Mosquitoes test positive for West Nile virus San Bernardino

Two mosquitoes collected in the City of San Bernardino tested positive for West Nile Virus. These are the first mosquitoes that tested positive in 2018 within the area served by the Division of Environmental Health Services Mosquito and Vector Control Program (MVCP). MVCP is taking steps to eliminate mosquito breeding hazards.

People bitten by an infected mosquito may develop West Nile fever and experience flu-like symptoms which may include fever, body aches, skin rash, and fatigue. In some people, West Nile fever can develop into a more serious form of the disease. If you have been bitten by mosquitoes and are experiencing these symptoms, contact your medical care provider.

Residents can protect themselves from West Nile Virus by following these tips:

· Drain or dump – Remove all standing water around your property where mosquitoes can lay eggs such as birdbaths, green swimming pools, ponds, old tires, buckets, flower pots, clogged gutters, or even puddles from leaky sprinklers.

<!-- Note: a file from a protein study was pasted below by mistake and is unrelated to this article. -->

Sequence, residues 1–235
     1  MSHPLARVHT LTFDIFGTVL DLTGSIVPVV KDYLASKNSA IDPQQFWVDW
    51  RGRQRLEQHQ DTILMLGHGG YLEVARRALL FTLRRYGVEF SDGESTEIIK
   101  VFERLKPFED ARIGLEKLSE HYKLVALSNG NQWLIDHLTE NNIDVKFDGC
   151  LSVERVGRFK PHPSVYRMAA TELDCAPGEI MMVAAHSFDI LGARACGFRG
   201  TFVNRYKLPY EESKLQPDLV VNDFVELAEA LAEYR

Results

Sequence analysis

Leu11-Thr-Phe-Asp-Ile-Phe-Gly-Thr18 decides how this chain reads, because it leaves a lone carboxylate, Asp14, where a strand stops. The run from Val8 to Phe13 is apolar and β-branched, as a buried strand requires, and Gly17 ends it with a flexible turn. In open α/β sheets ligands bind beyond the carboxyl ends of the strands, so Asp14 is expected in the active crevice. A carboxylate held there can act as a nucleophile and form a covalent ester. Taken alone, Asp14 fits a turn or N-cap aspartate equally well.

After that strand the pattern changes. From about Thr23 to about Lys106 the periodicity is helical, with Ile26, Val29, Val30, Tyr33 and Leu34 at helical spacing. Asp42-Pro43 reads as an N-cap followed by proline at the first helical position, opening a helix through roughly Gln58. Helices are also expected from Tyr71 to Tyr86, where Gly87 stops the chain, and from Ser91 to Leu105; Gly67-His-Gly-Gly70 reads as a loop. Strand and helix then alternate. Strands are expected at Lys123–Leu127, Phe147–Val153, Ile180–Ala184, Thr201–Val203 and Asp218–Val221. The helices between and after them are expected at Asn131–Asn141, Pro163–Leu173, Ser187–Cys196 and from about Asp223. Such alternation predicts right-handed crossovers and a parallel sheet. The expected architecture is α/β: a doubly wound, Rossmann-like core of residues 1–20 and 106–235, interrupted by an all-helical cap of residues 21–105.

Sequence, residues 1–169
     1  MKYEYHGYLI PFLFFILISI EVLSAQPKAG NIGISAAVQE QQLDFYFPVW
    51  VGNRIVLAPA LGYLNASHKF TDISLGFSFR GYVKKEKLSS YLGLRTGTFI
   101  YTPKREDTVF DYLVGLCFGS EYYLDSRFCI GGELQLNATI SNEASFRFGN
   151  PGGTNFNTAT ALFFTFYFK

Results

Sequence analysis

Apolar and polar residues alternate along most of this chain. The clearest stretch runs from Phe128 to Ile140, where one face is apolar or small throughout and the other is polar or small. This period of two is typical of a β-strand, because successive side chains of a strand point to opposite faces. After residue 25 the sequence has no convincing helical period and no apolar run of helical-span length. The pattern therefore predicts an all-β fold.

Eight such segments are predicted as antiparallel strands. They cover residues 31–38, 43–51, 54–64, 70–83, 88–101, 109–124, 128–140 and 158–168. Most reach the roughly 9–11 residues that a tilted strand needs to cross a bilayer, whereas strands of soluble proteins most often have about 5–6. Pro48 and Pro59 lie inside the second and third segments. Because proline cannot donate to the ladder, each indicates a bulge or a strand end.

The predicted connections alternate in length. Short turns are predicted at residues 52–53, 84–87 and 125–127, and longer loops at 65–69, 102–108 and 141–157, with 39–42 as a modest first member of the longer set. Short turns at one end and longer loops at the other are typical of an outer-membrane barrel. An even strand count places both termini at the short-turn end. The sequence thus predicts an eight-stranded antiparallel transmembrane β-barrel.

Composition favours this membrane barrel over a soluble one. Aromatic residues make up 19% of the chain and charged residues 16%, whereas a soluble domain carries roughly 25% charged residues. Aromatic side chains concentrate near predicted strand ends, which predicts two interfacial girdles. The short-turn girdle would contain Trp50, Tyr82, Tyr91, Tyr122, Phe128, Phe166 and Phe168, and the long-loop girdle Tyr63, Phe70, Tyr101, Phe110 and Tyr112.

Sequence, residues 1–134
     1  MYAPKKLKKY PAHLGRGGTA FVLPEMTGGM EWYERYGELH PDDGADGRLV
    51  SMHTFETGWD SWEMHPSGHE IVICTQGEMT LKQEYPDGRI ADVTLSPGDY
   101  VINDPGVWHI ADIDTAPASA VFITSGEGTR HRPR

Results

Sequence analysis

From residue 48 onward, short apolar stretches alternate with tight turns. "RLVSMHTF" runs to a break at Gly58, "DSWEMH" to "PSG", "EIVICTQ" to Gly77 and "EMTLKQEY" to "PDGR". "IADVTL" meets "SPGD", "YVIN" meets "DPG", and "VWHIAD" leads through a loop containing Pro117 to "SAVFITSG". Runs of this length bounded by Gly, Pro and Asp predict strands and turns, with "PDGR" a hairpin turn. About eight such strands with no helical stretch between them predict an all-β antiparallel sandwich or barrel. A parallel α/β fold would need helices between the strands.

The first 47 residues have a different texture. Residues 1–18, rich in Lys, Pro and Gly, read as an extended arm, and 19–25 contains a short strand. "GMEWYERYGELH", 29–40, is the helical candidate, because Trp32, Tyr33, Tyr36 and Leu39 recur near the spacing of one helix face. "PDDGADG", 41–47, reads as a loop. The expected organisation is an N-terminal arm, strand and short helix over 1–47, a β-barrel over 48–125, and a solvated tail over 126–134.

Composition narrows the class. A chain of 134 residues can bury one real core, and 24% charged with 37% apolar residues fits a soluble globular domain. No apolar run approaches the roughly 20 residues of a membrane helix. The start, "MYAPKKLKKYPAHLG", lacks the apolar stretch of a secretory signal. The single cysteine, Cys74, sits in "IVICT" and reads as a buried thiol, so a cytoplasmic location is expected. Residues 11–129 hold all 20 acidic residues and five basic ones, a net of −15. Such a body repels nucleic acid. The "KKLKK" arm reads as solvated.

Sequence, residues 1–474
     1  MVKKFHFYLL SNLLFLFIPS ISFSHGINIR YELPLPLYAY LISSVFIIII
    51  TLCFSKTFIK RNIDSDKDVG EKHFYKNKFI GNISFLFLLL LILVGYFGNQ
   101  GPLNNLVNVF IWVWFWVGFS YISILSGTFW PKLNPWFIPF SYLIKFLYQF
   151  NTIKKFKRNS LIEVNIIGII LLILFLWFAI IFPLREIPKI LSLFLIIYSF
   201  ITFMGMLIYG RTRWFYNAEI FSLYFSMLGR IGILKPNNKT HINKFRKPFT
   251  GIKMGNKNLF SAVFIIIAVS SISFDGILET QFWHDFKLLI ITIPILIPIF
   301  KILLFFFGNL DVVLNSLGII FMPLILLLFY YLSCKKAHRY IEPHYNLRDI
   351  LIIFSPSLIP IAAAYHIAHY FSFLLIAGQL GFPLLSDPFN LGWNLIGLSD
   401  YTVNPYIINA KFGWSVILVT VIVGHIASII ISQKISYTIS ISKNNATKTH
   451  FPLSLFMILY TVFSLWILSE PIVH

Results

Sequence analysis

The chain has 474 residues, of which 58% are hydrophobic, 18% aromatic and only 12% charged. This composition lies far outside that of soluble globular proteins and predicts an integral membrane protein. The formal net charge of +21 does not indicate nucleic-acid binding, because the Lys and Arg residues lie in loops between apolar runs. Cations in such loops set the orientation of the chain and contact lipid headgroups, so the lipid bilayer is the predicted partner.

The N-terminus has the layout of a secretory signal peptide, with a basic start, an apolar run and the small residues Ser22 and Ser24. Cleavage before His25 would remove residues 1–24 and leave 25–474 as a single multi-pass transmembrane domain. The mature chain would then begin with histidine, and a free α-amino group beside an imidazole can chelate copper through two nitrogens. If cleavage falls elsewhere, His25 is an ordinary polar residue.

· Avoid spending time outdoors at dawn and dusk – this is when mosquitoes are most active.

· Dress appropriately when outdoors – Wear shoes, socks, and long pants and long-sleeved shirts that are loose fitting and light colored.

· Apply insect repellent – Check that your insect repellent contains DEET, Picaridin, IR3535, or oil of lemon eucalyptus and apply it according to manufacturer’s directions.

·   Doors – Make sure doors and windows have tight-fitting screens. Repair or replace screens that have tears or holes to prevent mosquitoes from entering your home.

Property owners with pools/spas are encouraged to keep them clean. Mosquitoes lay their eggs in unmaintained green pools and can fly up to 20 miles, potentially transmitting the virus and impacting entire neighborhoods.

To learn more about West Nile Virus or to report a dead bird please visit For more information or to report a green pool or mosquito breeding source, contact the County of San Bernardino Department of Public Health Division of Environmental Health Services at (800) 442-2283 or visit our website.

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